Tulsa Education: January 2009 Archives

Brandon Dutcher, whose wife homeschools their four children, reacts to State Sen. Mary Easley's plan to regulate homeschooling by requiring families to register with the local school district and provide progress reports. He tells Sen. Easley he'd like to see progress reports from the public schools so he can know, for example, just how far behind his children are from the public-schooled kids:

For example, when my oldest son was in 8th grade, all he was really able to learn that year was Algebra II, Henle Latin I, intermediate logic, physical science, grammar, and composition. Well, plus he read and discussed The Epic of Gilgamesh; The Code of Hammurabi; The Odyssey; The Histories; The Oresteia Trilogy; Plutarch's Lives; The Theban Trilogy; The Last Days of Socrates; The Early History of Rome; The Aeneid; The Twelve Caesars; Till We Have Faces; The Unaborted Socrates; Genesis; Exodus; I and II Samuel; I and II Kings; Isaiah; Jeremiah; Chosen by God; and Socrates Meets Jesus, among others.

Now, I'm not naïve. I realize that 8th graders in Oklahoma's world-class public school system are learning all this and more. Who among us didn't have an 8th-grade history teacher/football coach wax eloquent on the influence of Stoic philosophy on Gaius Gracchus? Heck, as a retired teacher you know better than anyone that the 8th graders in your hometown of Tulsa (or Owasso, or Grand Lake Towne, whatever) are learning all this and more.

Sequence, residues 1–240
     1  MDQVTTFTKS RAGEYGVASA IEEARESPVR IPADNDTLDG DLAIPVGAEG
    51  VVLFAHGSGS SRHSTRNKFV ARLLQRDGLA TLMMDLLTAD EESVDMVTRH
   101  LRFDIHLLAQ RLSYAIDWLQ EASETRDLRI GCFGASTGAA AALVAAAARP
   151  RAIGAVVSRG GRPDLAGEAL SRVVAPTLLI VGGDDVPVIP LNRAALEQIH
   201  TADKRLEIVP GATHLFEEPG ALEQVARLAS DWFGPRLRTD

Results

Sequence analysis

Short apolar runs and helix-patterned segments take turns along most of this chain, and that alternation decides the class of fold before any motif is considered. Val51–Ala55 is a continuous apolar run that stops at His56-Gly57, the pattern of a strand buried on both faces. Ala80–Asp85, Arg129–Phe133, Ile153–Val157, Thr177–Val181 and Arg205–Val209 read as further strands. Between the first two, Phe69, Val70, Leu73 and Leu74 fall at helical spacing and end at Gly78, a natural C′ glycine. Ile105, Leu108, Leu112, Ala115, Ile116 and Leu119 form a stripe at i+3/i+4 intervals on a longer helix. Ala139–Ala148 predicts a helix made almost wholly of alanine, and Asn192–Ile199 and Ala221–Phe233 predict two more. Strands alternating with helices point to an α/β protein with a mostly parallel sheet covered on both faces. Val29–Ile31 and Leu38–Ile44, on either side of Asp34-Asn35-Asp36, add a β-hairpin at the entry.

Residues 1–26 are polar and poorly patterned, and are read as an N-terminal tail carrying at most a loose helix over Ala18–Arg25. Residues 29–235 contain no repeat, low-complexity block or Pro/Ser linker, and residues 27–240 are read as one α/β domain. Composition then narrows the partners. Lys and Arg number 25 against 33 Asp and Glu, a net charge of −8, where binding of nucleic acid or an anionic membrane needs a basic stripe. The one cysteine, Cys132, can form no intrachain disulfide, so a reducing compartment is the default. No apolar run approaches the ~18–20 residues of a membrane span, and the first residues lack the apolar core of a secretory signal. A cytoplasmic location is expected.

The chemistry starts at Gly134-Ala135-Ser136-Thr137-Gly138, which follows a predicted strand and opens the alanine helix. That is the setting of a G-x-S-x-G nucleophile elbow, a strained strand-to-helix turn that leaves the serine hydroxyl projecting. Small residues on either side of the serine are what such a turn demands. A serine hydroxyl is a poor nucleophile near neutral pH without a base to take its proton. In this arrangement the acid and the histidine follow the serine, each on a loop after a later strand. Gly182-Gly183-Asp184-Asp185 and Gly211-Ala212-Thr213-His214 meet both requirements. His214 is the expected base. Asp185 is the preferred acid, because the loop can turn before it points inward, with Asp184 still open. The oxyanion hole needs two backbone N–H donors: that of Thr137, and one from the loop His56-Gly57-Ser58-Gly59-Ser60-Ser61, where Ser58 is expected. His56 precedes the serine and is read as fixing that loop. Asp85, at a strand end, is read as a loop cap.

Later, he points out that his family has saved Oklahoma taxpayers over $200,000 by homeschooling their children.

Oklahoma's freedom to homeschool has encouraged the growth of a diverse homeschooling community, with all sorts of co-op groups, special classes, sports, field trips, clubs, and other school activities to provide learning opportunities beyond what parent-teachers can easily provide at home. Instead of breaking something that works well, we ought to promote the state to attract homeschoolers from across the country to move here. Who knows -- we might grow enough to get back that 6th congressman we lost 10 years ago.

About this Archive

This page is a archive of entries in the Tulsa Education category from January 2009.

Tulsa Education: December 2008 is the previous archive.

Tulsa Education: March 2009 is the next archive.

Find recent content on the main index or look in the archives to find all content.



Subscribe to feed Subscribe to this blog's feed:
[What is this?]